What days and times are you available?
I generally have availability to schedule appointments some time between 10:00am -- 8:30pm on Mondays and Wednesdays; and 9:00am -- 5:00pm on Tuesdays and Thursdays. I do not see clients Friday -- Sunday.
Do you accept insurance?
Currently, I am an in-network provider for Optum/United Behavioral Health and CareFirst BCBS. I am also an approved Maryland Medicaid provider. If you are insured, but not covered by either of these entities, I am willing to provide a super-bill for you to submit for possible out-of-network reimbursement. You also have the option of paying for services out-of-pocket. If you choose this option, I will accept payment by cash, debit, credit, check, PayPal, and IvyPay.
Do you provide teletherapy?
If you are interested in teletherapy, please let me know, and I will work with you to determine if this service would be appropriate for your needs.
Will you tell anyone what I tell you in our sessions?
Counseling services are confidential. This means that, barring a few rare exceptions, I am not allowed to share anything about you or your treatment with anyone else unless you give me explicit written permission to do so. However, if you give me reason to believe that you are an imminent risk to yourself or others, I will need to talk to someone to ensure everyone's safety. Click here to learn about other exceptions to confidentiality.
Will I need to receive a diagnosis?
It is within my scope of practice to diagnose and treat mental and emotional disorders. If you choose to pay for individual or group therapy with insurance, it will be necessary for me to provide a mental health diagnosis, which will become a part of your medical record. However, if you are paying out-of-pocket, a diagnosis is not necessary. If you are not paying with insurance, but you still want a diagnosis for your own records, I can provide one as requested.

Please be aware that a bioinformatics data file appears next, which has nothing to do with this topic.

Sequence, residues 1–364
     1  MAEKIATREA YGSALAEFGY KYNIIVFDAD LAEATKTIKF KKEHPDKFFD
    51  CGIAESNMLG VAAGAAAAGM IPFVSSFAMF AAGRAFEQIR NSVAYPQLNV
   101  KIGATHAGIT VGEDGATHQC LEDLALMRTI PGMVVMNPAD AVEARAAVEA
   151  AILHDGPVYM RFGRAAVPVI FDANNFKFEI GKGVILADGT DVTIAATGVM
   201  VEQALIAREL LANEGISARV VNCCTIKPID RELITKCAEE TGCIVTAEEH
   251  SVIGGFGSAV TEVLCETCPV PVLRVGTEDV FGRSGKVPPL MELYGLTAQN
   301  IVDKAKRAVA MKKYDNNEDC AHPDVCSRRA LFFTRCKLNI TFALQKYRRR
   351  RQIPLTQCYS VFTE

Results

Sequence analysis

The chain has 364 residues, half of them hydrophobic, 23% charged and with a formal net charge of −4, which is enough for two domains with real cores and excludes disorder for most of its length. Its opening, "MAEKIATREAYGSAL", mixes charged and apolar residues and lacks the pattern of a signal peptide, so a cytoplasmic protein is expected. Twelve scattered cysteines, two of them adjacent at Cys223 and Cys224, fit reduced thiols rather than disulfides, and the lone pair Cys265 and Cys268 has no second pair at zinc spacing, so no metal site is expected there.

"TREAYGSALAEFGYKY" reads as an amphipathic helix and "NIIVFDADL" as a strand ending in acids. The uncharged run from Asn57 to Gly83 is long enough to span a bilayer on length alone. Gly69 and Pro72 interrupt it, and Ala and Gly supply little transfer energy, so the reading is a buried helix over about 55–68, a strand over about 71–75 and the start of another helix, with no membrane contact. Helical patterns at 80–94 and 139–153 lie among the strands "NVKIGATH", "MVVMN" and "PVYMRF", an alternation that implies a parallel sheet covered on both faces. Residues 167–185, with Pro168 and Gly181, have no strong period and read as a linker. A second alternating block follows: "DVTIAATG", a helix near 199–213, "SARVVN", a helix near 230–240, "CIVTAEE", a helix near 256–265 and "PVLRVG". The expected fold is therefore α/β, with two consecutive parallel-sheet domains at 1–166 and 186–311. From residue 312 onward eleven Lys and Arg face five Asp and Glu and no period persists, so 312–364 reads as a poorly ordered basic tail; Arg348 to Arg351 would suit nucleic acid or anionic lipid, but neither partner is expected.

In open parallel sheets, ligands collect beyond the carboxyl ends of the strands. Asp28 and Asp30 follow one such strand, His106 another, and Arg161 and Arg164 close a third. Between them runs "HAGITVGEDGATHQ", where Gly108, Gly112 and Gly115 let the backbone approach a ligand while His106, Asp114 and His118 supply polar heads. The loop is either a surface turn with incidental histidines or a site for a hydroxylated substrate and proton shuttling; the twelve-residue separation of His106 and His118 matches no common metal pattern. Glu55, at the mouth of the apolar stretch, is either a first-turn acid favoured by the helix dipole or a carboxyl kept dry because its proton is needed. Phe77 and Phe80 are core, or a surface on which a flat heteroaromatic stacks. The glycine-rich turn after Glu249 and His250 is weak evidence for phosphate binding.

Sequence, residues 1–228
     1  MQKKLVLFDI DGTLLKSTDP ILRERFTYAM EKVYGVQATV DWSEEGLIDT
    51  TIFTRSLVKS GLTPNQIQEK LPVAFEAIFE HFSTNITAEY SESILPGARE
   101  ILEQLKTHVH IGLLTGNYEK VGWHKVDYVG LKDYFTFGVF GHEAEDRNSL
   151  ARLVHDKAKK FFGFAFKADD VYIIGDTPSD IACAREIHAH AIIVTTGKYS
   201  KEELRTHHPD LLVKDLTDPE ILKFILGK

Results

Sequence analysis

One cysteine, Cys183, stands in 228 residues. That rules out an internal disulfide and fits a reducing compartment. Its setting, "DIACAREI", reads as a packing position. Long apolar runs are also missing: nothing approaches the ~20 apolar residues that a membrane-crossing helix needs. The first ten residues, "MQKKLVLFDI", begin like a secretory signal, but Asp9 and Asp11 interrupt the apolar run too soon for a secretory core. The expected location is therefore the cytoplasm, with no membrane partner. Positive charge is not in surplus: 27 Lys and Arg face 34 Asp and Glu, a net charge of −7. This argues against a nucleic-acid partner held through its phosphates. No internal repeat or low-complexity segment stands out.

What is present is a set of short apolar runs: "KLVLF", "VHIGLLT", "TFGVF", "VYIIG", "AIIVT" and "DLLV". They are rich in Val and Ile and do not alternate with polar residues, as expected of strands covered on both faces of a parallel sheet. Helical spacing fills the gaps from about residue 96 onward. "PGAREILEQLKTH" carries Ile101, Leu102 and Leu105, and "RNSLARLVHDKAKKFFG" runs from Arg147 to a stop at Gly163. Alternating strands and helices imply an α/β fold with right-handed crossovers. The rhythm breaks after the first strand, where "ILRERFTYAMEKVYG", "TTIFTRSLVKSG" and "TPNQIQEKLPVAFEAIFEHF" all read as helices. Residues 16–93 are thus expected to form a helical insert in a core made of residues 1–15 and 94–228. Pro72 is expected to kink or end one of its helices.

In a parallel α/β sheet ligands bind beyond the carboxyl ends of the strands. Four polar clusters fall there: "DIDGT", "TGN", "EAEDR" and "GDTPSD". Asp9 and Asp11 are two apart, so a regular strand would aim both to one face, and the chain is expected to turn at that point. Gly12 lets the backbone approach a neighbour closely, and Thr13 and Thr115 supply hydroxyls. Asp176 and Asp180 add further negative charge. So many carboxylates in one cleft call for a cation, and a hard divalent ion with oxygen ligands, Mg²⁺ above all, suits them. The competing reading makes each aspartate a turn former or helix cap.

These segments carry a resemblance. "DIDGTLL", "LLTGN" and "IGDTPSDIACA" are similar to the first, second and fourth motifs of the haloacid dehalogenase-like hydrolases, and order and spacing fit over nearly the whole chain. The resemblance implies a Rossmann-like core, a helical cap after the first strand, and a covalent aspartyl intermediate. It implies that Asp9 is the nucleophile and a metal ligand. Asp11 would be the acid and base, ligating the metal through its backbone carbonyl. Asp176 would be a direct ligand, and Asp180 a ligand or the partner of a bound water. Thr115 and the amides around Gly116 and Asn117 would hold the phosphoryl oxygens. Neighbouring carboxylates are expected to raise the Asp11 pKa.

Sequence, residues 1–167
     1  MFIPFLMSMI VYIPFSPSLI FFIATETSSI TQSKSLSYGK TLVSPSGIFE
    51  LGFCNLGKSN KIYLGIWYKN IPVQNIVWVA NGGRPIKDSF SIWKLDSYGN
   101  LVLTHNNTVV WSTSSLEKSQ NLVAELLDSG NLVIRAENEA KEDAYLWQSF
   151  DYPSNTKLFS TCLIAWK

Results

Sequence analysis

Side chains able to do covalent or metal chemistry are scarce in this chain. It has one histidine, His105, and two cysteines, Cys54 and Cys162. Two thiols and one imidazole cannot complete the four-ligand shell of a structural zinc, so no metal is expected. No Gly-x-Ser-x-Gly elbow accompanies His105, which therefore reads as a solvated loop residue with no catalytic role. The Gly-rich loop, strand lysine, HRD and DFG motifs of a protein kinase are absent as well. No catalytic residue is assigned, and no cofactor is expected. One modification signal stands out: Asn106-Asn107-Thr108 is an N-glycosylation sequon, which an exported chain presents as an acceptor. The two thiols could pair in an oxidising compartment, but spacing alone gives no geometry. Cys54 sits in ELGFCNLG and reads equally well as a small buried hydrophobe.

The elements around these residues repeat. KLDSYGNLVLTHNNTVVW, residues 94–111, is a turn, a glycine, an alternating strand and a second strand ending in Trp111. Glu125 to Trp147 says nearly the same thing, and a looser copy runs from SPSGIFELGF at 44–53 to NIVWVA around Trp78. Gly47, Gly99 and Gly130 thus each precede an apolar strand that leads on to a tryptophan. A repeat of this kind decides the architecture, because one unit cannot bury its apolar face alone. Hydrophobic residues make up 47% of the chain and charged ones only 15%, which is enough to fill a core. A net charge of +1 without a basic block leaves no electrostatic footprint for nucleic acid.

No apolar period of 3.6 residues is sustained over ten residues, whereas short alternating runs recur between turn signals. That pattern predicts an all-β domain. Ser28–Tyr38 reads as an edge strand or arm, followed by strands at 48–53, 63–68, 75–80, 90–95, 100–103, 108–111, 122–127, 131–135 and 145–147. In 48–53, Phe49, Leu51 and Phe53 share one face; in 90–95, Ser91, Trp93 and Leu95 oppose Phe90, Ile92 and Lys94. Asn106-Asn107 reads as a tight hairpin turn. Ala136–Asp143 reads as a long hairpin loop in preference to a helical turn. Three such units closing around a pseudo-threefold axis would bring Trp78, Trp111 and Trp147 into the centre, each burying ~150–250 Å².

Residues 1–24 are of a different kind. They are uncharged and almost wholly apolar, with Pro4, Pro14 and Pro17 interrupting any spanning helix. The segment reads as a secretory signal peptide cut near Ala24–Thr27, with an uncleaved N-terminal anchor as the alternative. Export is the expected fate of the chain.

Will you try to prescribe me medication?
It is beyond my scope of practice to prescribe medication. However, I strongly support the use of medication when it is clinically indicated, and I would be more than willing to help you find a provider (such as a psychiatrist or physician) who can evaluate you.
How often do I need to see you?
You can schedule sessions as often as you would like, as long as this is financially feasible for you. Typically, I meet with clients once a week, but some people prefer to meet once every other week, or once a month.
What happens if I don't feel any different after coming to sessions?
The progress you make in counseling can depend on a number of factors. Sometimes it takes a while for you to feel like therapy is "paying off." If, after two (2) sessions, you aren't satisfied with your counseling experience, I would want us to discuss your needs to decide if: a) something can be done to get us on the right track, or b) you might be better served in counseling with a different therapist. Whatever you decide, I will do my best to ensure that you get the best care possible, even if you get that care somewhere else.
What about no-shows and cancellations?
If you need to cancel an appointment, please provide at least 12-hours' notice. This will allow me the time to get rescheduled with someone who may be waiting for an opening. I charge a fee of $25.00 for late cancellations and $50.00 for no-shows.
Can I email or text you between sessions?
My preference would be for us to talk over the phone anytime you want to discuss your confidential information. Typically, I will only text or email you to schedule and confirm appointments, or answer questions you have about my services before engaging in therapy. Additionally, I might also send you helpful resources via text or email, but only with your written permission.
Can we be friends outside of therapy?
While I do sometimes wish I could pursue friendships with my clients, it is my ethical responsibility to avoid dual-relationships in therapy. This is done to protect us both from undue harm. I do not believe it would be in either of our best interests if I allowed the boundaries of the therapeutic relationship to become blurred.